Hernandez had the kind of brain damage that had previously only been seen
in NFL players in their 60s.

The “New York Times” reported, quote, “the brain damage was so severe that
scientists all but gasped.” Here`s a picture of Aaron Hernandez in the
courtroom where he was found guilty of murder.

We don`t have a picture of Aaron Hernandez in the prison cell where he
killed himself. But we do know that on his Sundays in prison in Walpole,
Massachusetts, he could hear the roar of the crowd at the Patriots games in
nearby Foxborough.

In the president of the United States – if the president of the United
States was going to speak about football on Friday, you could expect it to
be possibly something in reaction to the Aaron Hernandez autopsy findings,
something about the public health crisis facing football, the concussion
crisis.

You might expect the president to say something to worried parents not sure
whether they should allow their kids to play football now that we know the
younger the brain, the higher the risk of damage during the normal patterns
of contact in football.

But this president wanted to make the violence of football a Trump campaign
agenda, a Trump agenda item, put it right up there with building the wall.

Violence in football? Donald Trump is in favor. There is beauty in
football. Most of it is in the halftime show, but there is genuine
athletic beauty in pass plays, especially the long pass plays.

We have some of them recorded in our brains for the rest of our lives.
Some of them are miraculously beautiful.

Doug Flutie`s name will live forever in football on the basis of exactly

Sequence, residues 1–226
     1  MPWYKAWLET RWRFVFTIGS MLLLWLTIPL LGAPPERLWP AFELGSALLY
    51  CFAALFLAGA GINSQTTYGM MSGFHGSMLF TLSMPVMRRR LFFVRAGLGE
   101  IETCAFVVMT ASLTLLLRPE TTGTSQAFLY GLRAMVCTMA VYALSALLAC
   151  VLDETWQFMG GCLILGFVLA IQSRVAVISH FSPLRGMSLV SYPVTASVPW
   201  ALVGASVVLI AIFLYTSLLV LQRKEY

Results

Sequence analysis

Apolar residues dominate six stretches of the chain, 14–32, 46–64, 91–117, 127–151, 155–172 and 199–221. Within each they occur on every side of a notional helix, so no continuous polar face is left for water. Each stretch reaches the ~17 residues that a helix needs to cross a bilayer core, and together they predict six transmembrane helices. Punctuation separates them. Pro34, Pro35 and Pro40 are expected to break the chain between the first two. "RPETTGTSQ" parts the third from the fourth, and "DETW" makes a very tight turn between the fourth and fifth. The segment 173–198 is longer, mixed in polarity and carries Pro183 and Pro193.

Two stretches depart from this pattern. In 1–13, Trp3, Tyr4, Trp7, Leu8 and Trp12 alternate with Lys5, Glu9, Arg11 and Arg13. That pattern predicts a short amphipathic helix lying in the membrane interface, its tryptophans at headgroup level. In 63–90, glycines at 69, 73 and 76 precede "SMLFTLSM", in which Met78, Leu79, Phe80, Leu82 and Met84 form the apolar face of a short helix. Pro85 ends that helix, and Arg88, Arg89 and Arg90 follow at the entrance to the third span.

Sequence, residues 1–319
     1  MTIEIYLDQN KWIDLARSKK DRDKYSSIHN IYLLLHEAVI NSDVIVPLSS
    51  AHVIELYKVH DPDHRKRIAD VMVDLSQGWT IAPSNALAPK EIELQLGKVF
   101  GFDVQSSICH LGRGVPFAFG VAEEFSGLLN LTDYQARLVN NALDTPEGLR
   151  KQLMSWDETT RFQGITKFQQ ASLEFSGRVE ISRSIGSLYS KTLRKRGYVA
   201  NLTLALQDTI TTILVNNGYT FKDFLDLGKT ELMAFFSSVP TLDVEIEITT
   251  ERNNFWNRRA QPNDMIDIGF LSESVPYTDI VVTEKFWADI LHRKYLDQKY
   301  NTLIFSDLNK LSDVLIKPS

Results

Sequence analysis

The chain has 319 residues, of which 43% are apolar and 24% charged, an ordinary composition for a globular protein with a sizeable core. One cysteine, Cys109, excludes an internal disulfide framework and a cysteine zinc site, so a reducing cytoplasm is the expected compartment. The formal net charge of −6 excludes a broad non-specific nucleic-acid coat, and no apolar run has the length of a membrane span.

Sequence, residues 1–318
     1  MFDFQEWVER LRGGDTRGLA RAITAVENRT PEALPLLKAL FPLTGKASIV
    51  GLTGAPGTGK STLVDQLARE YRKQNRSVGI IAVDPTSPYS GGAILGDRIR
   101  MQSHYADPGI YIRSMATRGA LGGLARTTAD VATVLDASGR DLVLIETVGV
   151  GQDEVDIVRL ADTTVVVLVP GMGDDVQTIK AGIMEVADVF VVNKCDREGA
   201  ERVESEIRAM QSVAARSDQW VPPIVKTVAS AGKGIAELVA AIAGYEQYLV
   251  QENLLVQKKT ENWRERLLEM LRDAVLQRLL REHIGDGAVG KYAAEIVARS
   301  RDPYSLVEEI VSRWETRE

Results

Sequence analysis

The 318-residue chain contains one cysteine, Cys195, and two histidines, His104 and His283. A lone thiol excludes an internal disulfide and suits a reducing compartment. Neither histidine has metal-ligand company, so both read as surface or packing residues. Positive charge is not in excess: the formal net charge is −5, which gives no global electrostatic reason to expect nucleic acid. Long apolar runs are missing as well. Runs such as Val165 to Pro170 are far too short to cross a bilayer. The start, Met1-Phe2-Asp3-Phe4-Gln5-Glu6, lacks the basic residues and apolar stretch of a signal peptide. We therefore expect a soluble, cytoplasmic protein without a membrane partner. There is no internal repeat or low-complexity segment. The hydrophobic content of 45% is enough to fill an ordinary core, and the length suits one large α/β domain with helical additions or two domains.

one pass play because it was so dramatic with one second left on the clock
and so very beautiful.

I`ve heard a lot of words to describe the hitting in football, the tackling
including from my high school football coach, but beautiful wasn`t one of
them.

This president of the United States thinks the violence is one of the
beautiful things about football.

And that is the president of the United States who has brought us closer to
nuclear war with his rhetoric than any president in history.

There`s a straight line from Donald Trump`s violence in football rhetoric
to his rocket man rhetoric. The president may have said those things
because he knew that reporting by “Politico” was about to reveal that his
son-in-law Jared Kushner did something that Trump voters were taught to
believe you should be locked up for.

Under the headline, Kushner used private e-mail to conduct White House
business. And that has led to the breaking news report tonight that Trump
used private e-mail to conduct White House business – Ivanka Trump.

The “New York Times” is reporting that at least six of President Trump`s
closest advisors occasionally used private e-mail addresses to discuss
White House matters current and former officials said on Monday.